Surface water was collected on 30 October 2018. Prior to filtering through 100 µm mesh it was stored for 9 days. During storage the samples were kept at ca. 4°C in the dark. An exchange of air with the environment was ensured.

Test system

Incubation of subsamples was performed in a flow-through system which was placed in a dark, temperature controlled lab-room. A constant stream of water saturated surrounding air was passed over the subsamples in order to maintain aerobic conditions during the experiment. The outgoing gas was bubbled by means of a vacuum pump through three absorption traps in sequence containing ethylene glycol and two times 1 M NaOH in order to determine volatile products and the rate of mineralization (trapping of 14CO2).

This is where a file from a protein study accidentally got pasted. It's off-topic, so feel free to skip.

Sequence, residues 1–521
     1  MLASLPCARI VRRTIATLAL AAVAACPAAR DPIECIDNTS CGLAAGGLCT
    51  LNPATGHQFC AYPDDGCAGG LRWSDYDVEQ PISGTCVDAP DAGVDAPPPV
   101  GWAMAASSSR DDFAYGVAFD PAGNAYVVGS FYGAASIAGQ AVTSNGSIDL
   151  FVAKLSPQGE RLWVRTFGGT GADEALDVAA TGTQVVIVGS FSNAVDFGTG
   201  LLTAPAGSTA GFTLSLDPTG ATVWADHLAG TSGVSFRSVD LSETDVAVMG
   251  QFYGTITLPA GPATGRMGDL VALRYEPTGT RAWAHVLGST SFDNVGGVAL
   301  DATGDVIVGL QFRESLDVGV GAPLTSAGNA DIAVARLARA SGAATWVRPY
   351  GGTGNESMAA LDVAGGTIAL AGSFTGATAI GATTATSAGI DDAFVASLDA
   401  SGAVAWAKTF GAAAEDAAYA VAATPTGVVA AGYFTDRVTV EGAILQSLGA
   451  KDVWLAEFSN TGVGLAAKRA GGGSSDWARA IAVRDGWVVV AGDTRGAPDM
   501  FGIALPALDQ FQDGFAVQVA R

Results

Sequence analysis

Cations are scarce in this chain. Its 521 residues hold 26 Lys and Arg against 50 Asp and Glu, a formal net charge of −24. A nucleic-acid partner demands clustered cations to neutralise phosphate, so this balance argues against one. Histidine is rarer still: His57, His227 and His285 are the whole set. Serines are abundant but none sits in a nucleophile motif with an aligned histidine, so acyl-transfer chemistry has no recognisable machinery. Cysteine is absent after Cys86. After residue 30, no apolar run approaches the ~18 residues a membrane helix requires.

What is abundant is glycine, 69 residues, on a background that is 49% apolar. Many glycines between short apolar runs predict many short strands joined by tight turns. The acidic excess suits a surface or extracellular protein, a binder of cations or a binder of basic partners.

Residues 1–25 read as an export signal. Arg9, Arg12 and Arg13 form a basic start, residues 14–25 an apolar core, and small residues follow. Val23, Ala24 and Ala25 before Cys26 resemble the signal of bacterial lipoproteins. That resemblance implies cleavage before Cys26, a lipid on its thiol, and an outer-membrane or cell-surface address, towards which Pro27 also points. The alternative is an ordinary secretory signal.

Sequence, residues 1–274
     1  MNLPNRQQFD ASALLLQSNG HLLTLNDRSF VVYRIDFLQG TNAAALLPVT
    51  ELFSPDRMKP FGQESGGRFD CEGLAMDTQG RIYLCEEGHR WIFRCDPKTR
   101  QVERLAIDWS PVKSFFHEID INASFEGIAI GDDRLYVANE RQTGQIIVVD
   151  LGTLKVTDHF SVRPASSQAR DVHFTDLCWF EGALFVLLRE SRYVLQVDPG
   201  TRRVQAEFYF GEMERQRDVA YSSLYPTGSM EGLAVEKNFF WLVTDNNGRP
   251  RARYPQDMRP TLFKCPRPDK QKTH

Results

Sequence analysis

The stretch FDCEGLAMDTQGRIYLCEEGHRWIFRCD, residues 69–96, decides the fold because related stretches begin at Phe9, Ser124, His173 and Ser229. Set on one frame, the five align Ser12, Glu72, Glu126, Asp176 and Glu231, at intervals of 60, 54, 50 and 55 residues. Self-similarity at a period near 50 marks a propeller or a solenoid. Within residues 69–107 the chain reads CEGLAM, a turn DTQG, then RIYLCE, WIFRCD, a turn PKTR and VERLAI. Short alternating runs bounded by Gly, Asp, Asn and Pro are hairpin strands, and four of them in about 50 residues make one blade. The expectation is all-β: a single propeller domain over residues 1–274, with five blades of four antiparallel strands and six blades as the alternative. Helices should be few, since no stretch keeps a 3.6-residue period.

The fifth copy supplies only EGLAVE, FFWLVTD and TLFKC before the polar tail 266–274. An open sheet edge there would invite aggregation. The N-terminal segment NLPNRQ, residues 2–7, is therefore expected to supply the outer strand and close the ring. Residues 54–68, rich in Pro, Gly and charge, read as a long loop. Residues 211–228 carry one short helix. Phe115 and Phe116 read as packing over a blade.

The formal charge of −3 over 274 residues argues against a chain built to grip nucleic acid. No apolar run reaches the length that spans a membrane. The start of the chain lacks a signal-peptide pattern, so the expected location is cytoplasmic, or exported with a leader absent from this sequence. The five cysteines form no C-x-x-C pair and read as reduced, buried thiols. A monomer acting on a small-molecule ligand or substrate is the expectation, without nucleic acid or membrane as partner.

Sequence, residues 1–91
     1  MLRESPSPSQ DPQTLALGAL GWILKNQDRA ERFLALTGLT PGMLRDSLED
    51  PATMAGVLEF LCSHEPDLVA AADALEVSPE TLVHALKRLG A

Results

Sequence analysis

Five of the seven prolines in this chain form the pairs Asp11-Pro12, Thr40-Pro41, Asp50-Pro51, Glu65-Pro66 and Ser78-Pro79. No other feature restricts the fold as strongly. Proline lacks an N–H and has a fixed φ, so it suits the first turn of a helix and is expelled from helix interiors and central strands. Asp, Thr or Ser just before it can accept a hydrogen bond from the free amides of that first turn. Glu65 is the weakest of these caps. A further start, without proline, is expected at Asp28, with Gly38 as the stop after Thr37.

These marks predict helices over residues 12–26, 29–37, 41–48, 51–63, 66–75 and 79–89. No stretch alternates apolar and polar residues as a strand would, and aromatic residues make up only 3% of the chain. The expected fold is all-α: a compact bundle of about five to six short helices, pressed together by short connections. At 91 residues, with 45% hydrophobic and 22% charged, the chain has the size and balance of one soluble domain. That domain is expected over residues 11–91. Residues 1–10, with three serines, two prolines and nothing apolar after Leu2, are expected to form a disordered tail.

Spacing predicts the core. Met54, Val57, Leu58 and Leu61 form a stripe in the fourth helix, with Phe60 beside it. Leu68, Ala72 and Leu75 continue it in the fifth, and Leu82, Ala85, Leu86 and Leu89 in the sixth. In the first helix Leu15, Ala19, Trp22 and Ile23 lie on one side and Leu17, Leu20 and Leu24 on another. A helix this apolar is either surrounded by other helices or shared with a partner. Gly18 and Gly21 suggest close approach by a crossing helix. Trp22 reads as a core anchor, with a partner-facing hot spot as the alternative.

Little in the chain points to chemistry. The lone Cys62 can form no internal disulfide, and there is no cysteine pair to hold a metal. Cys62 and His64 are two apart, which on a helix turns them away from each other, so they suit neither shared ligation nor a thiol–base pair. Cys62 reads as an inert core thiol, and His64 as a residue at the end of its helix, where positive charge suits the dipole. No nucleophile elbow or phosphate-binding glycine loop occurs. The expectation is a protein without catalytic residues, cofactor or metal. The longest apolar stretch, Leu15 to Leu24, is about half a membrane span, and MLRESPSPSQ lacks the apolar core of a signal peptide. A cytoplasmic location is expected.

For information on the abiotic transformation of the test substance additional sterilized samples (duplicates) were taken, processed and analysed at 7 days after treatment (DAT), and 63 DAT.

Treatment

Vessels (250 mL) for low concentration (9.5 µg/L) and high concentration (65 µg/L) were spiked with 27.90 µL (low) and 28.10 µL (high) of [phenyl-U-14C]ZMB2 application solution. The applications were made directly into the test samples by a pipette.

Intended nominal treatment rate at low concentration was 12.26 kBq (9.5 µg/L) and at high concentration 83.85 kBq (65 µg/L), respectively. Based on the mass balance of the 0d of incubation samples the actual concentration confirms generally to the indented concentration and a correction was not accomplished.

Sampling and Processing